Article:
THE READING ROOM: The Best Music Books of 2021
This is the season for book awards and prizes, as well as the season that various newspapers and magazines offer their lists of best books. The year in music books has been especially rich, so this year’s list at No Depression contains titles I am pleased to recommend as ones that will endure far beyond this season and continue to animate conversations about music and its role in our world. I hope you might find a few gifts for the readers and music lovers in your lives; any of these books are bound to bring a smile to your favorite reader’s face.
Daphne Brooks, Liner Notes for the Revolution: The Intellectual Life of Black Feminist Sound (Harvard) — The most eloquent music book of the year, Brooks’ elegant and detailed study is essential reading and offers a stunning new perspective on Black female musicians who shaped their culture through their music, often challenging stereotypes in their lyrics and music. Brooks dives deep into music archives and allows the women artists — from Ethel Waters, Aretha Franklin, Lorraine Hansberry, Janelle Monae, among others — to tell in their own words and stories the impact they made on their culture.
Joseph Horowitz, Dvořák’s Prophecy: And the Vexed Fate of Black Classical Music (Norton) — When Antonin Dvořák visited the United States in 1893, he discovered the folk songs and spirituals of African American communities and prophesied that these songs and melodies would provide a foundation for American classical music. He even encouraged Black composers, such as Henry Burleigh, to compose classical music based on African American musical traditions, and many of these compositions were performed widely at the beginning of the 20th century. Despite these compositions, American classical music grew into a largely white music that consigned Black music to popular music only. Horowitz’s captivating history reveals the reasons American classical music is so white, drawing on the lives and work of Black composers William Grant Still, Florence Price, and William Levi Dawson to illustrate the ways that Black classical music contributes dynamically to the American classical tradition.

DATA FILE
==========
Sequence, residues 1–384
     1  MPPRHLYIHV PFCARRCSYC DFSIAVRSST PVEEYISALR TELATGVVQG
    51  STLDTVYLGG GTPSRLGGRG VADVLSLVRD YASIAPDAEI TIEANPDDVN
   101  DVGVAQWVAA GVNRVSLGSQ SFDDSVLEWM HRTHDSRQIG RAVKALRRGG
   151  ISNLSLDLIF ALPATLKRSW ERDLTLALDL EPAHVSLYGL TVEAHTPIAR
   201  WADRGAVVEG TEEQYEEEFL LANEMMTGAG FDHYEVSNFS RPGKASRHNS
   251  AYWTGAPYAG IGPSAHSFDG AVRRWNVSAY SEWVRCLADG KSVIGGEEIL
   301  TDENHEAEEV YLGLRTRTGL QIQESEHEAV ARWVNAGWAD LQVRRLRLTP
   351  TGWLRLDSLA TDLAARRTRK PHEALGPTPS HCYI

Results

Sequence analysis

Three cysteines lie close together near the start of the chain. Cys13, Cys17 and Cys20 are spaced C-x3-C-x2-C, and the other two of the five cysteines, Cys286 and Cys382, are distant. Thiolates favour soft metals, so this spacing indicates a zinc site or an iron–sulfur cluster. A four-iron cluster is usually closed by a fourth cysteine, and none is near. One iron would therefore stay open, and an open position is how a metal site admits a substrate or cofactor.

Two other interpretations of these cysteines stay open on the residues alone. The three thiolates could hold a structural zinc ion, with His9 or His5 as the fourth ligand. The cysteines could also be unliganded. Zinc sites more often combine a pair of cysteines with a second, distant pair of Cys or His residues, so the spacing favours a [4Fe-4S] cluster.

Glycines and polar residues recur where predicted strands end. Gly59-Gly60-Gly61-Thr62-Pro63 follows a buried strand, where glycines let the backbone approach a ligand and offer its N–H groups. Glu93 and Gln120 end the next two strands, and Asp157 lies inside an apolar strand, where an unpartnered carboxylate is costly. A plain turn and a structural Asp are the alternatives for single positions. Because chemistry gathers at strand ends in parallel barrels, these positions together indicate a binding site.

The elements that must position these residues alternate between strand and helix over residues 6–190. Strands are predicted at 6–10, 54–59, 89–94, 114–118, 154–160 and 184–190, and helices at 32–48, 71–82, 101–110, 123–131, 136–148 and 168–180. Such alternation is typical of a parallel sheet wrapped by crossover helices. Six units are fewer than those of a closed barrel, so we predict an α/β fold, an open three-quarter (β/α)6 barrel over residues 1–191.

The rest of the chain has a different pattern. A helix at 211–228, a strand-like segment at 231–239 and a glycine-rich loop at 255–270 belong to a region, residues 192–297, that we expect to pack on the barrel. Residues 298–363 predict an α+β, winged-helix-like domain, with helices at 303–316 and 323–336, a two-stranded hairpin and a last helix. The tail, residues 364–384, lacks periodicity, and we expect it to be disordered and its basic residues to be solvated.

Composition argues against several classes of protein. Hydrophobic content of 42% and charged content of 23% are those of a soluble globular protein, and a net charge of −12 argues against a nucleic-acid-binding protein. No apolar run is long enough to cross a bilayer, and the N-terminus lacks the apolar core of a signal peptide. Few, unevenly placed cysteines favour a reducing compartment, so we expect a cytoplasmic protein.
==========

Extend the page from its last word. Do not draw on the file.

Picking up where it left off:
Mary Gauthier, Saved by Song: The Art and Healing Power of Songwriting (St. Martin’s) — Gauthier’s book serves as a portal to new worlds, shining a light on her own experiences and refracting that light into glimmers of hope, redemption, and wisdom about the jagged corners of life and the ways we fall in and out of human flourishing. Part memoir and part reflection on songwriting, Gauthier’s finely tuned meditations on life, love, and song chronicle her struggles with addiction, her dysfunctional family life, her first guitar and discovery of songwriting, and her growth as a songwriter. Gauthier writes songs and tells stories with a mesmerizing candor and intimacy.
Paul McCartney, The Lyrics: 1956 to the Present (Liveright) — The new box set that provides a deep dive into the making of the Beatles’ album Let It Be and Peter Jackson’s new documentary, Get Back, reveal a McCartney driven by his muse, chasing down the whisperings of his musical genius around every corner. In this stunningly gorgeous slipcased hardcover set, McCartney tells the story of his life by sharing the stories behind 154 of his songs. Spanning two volumes lavishly illustrated with handwritten texts, paintings, and some never-before-seen photographs, the songs are arranged alphabetically and offer glimpses into the people and events that influenced and inspired them. The expense of the volume may be prohibitive, but deeply devoted fans — of whom there are droves — will want this on their shelves.
Hanif Abdurraqib, A Little Devil in America: Notes in Praise of Black Performance (Random House) — One of the most brilliant books of the year, Abdurraqib’s scintillating exploration of the history of Black performance in America illustrates how that Black performance was often marginalized by mainstream culture. He examines dance marathons, minstrel shows, and performers from Aretha Franklin and Whitney Houston to Josephine Baker and Merry Clayton to demonstrate the ways in which Black performance functions as more than simply entertainment. Such performances are ways of negotiating the challenges of living in a world where Black performance is sometimes parodied and erased, even if such parody is masked as praise.
Brandi Carlile, Broken Horses (Crown) — Carlile knows how to captivate; she invites us into her songs with her ability to evoke feelings of isolation and loss, forgiveness and hope, love and joy. She entrances readers with her stories of people just like us, facing the same challenges and losses, the same comforts and victories, the same hard lessons that life lays in our paths, and she compels our attention because of her heart-on-her-sleeve honesty. With Carlile, we know we’re seeing and hearing the person behind the song laying her heart and emotions out there for us all to share and from which we all can learn.